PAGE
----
Organic Skincare – All Is Not As It Seems

The organic industry has enjoyed steady growth for over a decade now. Increasing evidence linking common chemicals found in skincare products to cancer has made people sit up and take notice. From the food we put in to our bodies to the products we put on our bodies, there are potential dangers everywhere.

This means that people not only go out of their way to find ‘organic’ products, but they’re also prepared to pay a premium for them. But most of us have no idea what we really need to stay away from. We walk blithely into an organic store and assume everything we pick off the shelf will be safe. Be warned though, this is not necessarily the case.

In 2016 there was a widely publicised class action brought in the US against the company manufacturing the Avalon Organics and JASON range of ‘organic’ products. Under Californian law a product can only be labelled organic if 70 per cent of the ingredients are organic. Avalon Organics and JASON products were accused of misleading consumers to believe that the products were wholly or at least mostly organic, when, in fact, they were not.

This case highlights that a product can legitimately be labelled organic with only 70 per cent of organic products. The remaining 30 per cent can be pretty much anything. And whilst we might like to assume that the producers of these products wouldn’t intentionally include any ‘nasty’ ingredients, that is not necessarily the case.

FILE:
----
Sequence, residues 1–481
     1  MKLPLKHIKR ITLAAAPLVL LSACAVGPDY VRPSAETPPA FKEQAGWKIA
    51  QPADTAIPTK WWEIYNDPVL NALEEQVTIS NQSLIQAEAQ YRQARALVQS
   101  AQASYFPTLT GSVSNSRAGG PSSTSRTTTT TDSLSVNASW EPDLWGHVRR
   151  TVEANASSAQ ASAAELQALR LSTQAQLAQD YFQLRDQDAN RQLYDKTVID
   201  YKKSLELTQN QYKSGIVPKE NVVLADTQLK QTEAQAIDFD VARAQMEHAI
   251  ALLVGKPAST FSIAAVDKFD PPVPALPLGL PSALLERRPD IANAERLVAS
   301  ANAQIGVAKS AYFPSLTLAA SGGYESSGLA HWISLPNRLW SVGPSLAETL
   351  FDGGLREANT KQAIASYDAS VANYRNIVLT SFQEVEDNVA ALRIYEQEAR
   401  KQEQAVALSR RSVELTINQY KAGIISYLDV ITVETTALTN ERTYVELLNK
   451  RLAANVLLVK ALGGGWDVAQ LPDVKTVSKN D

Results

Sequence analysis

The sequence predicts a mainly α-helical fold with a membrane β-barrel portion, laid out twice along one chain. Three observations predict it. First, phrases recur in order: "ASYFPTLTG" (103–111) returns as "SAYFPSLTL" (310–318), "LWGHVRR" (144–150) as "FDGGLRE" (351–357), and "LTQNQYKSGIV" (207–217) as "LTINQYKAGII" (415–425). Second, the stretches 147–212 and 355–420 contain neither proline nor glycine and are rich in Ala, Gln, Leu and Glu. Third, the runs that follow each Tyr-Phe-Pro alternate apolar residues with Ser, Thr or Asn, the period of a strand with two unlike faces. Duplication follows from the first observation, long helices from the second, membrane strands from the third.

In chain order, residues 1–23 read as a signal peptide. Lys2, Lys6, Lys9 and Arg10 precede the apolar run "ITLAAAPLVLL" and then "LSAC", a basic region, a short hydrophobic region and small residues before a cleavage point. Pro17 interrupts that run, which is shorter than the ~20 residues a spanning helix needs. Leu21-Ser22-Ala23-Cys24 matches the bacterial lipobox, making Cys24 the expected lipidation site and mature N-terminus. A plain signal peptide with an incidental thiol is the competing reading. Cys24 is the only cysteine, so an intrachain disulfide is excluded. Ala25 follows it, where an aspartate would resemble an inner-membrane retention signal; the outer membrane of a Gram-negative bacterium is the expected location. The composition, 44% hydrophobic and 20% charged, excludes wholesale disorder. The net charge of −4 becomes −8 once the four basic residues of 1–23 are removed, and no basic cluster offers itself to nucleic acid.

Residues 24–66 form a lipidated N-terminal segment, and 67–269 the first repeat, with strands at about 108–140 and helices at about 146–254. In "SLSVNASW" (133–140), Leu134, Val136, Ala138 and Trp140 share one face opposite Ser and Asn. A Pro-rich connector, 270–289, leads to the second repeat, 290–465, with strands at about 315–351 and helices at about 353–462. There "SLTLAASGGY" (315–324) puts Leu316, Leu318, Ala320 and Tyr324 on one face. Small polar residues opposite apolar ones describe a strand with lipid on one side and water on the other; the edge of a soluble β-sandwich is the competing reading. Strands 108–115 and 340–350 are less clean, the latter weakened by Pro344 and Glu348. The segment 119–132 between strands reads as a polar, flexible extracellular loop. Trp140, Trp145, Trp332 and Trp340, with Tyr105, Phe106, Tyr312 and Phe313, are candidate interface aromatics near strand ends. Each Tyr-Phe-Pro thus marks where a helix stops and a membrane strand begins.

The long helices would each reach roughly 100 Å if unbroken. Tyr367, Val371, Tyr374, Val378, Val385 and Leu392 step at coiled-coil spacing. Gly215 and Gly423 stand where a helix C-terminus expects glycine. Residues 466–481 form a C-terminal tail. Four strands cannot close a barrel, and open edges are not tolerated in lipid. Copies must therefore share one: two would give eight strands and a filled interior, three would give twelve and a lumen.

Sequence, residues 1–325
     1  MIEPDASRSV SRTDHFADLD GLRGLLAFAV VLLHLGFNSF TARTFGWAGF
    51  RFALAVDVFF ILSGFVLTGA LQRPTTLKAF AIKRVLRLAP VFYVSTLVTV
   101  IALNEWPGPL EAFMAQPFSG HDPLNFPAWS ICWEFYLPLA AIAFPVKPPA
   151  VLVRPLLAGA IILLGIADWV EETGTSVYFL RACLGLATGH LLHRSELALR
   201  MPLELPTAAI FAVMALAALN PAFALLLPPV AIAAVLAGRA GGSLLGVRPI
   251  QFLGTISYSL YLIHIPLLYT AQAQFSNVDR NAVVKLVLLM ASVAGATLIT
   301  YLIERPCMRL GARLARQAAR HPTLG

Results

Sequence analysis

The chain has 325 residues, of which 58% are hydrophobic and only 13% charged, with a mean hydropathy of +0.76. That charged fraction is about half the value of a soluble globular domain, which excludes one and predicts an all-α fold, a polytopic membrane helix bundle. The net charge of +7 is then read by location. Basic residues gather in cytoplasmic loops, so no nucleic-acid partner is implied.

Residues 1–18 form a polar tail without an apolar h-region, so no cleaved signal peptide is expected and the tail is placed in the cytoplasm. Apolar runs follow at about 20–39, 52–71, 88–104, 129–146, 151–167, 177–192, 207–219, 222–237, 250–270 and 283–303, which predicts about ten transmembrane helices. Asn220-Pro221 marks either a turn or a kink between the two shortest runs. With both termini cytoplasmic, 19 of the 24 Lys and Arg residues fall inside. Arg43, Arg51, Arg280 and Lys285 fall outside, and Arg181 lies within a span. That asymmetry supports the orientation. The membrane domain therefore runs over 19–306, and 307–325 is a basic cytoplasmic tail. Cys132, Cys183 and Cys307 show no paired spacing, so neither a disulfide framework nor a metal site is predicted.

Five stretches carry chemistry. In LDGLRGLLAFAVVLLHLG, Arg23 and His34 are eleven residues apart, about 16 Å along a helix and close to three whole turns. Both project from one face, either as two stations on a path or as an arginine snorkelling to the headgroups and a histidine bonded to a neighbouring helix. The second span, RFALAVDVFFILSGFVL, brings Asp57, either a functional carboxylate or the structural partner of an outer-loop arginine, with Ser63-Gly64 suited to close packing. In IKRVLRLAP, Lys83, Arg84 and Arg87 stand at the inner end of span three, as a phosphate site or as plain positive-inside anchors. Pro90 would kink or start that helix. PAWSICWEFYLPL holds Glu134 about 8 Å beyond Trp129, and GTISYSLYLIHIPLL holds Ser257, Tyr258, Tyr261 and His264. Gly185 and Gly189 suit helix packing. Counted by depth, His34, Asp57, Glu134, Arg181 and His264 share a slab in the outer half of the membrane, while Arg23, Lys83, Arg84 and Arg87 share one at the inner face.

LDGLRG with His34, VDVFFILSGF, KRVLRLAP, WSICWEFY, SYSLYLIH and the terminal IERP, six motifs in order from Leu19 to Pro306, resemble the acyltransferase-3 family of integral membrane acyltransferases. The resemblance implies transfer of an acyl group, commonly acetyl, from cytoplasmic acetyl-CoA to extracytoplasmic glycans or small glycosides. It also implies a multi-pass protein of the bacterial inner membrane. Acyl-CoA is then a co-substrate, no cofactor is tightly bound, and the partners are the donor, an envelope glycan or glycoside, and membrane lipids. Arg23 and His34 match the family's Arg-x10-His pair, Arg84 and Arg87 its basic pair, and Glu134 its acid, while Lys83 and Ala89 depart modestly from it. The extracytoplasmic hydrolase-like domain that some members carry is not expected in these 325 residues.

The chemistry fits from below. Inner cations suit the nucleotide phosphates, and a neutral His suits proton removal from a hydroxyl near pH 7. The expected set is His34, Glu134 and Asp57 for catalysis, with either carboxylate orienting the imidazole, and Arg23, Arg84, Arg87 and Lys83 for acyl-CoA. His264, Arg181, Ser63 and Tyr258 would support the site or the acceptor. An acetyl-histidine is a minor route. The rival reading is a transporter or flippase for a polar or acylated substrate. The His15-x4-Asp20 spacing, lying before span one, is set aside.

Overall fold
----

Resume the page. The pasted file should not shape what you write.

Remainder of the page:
It’s worth paying attention to the ingredients listed on any products you buy, whether organic or not.

Common ingredients to avoid:

Formaldehyde (a known human carcinogen)

Fragrance (can contain chemicals that cause allergies, dermatitis and respiratory distress)

Parabens (associated with increased links to breast cancer)

Phthalates (linked to increased incidence of breast cancer)

Propylene glycol (a known skin irritant)

Sodium lauryl sulfate (SLS) / Sodium laureth sulfate (SLES) (found in foaming products, combined with other ingredients can become a carcinogen)

Sunscreen chemical (common names are benzophenone, PABA, avobenzone, homosalate and ethoxycinnmate, these chemicals can interfere with hormones)

Synthetic colours (denoted by letters F, D, C followed by a colour and a number, these are derived from petroleum or coal tar sources and are suspected human carcinogens)

Toluene (a petrochemical often listed as listed as benzene, toluol, phenylmethane, methylbenzene, linked to immune system toxicity)

Triclosan (found in antibacterial products and is a known endocrine disruptor, especially thyroid and reproductive hormones)

USDA Organic

USDA Organic is the highest level of certification for organics. Confusingly though there are four categories of labelling:

  1. 100 percent organic
  2. Organic
  3. “Made with” organic ingredients
  4. Specific organic ingredients

To be absolutely sure of organic authenticity then going for USDA organic products is the best option. For any other categories steer clear of products where the ingredients listed above are included.

Article written by Victoria Milner from Singapore Foodie 

For more information on organic and specialist food products in Singapore, CLICK HERE